We had really hoped for some more warm weather before we reached the dreary southern winter, but in the morning, threatening grey clouds covered the skies again and another cold day ensued. Bundled up in fleeces, merino wool, windproof jackets and overshoes, gloves and hoods we pushed on. Being cold and tired never makes for happy moods and our tempers flared up over lunch, resulting in us cycling apart for the next 20km before we reunited our forces to beat our common enemy, the wind.
The landscape around Coober Pedy is famous for being harsh and barren, but the current cover of green makes it appear a little more gentle, with flat green and brown pastures stretching as far as the eye can see.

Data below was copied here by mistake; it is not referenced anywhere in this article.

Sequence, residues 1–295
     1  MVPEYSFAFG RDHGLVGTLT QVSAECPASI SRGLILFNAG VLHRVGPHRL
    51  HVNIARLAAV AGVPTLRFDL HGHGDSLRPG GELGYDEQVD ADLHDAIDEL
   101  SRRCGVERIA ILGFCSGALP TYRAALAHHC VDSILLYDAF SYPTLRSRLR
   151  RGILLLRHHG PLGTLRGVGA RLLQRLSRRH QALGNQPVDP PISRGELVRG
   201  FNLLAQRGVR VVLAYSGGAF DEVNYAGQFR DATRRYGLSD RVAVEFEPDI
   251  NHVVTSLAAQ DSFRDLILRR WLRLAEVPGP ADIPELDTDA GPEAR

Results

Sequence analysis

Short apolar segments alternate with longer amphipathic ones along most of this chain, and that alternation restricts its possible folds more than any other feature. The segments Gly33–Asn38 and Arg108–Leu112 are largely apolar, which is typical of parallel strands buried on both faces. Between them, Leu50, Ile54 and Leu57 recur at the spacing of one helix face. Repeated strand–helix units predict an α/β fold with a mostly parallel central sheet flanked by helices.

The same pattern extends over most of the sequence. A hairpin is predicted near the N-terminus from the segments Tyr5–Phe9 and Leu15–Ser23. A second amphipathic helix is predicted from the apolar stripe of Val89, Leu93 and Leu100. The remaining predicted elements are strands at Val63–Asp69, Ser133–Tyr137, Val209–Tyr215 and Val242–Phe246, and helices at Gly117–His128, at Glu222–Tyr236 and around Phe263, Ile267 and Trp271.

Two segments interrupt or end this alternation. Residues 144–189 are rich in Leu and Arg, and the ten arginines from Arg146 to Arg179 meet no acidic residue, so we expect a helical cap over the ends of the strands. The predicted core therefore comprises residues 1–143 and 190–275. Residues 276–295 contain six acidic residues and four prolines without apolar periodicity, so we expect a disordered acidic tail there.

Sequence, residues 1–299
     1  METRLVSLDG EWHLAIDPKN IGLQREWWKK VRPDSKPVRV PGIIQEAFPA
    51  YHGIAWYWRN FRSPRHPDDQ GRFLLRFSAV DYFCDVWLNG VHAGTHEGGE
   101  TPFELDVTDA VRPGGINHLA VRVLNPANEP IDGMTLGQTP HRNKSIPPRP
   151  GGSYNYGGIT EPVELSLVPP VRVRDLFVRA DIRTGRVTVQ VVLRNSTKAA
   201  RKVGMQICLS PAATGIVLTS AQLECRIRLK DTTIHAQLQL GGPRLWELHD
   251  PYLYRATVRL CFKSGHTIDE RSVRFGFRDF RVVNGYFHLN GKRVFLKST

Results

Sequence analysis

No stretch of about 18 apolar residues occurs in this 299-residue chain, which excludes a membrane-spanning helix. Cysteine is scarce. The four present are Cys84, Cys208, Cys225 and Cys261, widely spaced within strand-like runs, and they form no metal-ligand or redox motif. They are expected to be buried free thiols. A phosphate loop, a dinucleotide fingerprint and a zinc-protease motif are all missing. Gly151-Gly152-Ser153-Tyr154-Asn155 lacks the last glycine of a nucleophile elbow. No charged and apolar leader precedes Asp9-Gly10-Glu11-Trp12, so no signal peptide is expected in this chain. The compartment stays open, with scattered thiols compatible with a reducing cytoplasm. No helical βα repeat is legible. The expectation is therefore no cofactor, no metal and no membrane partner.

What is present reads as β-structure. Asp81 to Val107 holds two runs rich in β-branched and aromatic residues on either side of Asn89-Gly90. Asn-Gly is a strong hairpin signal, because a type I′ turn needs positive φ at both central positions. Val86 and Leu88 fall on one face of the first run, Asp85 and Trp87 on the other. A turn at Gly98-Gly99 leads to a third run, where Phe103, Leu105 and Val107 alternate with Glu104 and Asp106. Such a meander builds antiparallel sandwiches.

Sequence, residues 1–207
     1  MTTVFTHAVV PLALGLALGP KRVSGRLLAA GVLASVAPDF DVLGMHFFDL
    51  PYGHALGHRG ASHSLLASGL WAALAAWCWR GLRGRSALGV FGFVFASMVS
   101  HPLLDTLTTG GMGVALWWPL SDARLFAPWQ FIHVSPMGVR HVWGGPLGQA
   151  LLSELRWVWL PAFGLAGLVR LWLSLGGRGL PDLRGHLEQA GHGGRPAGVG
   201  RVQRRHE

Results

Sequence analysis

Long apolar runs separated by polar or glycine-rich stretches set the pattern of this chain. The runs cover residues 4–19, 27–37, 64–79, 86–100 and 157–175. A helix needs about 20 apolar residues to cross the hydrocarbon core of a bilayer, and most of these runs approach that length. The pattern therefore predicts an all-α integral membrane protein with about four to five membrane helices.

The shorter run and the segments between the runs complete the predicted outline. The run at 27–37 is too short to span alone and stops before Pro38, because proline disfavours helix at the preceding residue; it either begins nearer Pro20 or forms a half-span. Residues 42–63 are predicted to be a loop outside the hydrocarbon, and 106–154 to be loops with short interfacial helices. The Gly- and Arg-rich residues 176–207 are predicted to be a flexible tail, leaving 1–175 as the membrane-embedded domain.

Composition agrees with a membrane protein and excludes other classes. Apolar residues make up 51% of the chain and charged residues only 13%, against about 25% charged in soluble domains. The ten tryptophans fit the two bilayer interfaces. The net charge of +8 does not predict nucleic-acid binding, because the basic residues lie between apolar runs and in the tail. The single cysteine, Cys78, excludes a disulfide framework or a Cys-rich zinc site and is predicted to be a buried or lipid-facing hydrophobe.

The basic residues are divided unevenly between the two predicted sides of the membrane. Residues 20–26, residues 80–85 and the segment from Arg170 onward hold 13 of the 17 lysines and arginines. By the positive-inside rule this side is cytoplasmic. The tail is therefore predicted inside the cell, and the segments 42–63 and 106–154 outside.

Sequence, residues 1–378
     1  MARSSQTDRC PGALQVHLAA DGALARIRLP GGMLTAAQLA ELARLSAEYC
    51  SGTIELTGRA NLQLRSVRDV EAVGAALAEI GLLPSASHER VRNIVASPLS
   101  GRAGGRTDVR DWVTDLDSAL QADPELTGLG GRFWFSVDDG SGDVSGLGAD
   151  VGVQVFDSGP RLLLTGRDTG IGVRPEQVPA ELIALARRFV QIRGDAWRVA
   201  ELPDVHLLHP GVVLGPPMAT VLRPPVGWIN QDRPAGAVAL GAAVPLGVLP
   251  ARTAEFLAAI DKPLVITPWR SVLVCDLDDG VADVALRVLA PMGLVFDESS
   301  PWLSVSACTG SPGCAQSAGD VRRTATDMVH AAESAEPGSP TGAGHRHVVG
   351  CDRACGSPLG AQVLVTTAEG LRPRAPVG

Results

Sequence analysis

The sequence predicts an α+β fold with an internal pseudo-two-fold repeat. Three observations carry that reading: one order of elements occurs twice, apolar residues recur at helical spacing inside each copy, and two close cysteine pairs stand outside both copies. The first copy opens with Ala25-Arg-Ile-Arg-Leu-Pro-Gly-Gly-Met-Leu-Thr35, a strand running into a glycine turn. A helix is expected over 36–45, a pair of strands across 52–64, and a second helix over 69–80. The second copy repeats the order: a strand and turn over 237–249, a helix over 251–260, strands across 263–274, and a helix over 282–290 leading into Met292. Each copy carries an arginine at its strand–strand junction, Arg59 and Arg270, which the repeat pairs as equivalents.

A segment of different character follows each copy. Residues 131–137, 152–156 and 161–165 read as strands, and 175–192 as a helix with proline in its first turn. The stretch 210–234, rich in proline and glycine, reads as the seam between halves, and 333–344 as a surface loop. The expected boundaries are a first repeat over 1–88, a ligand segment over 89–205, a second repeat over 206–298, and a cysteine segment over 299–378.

Beneath this unassuming landscape lie 90% of the world’s opal reserves. As we came closer to the opal town of Coober Pedy, we began noticing hundreds of large white and pink ant hills where mining was taking place. Road signs warned visitors of unmarked mine shafts around the area.
Arriving in town where every second home seems to have some rusting mining relic in its front yard was a little surreal as there are even active mines within the town itself, and many houses, businesses and even churches are built underground, often by repurposing disused mines. In fact, the name “Coober Pedy” comes from the Aboriginal word for “White Man in a Hole”. This promised to be a fascinating place worth a little exploration. ||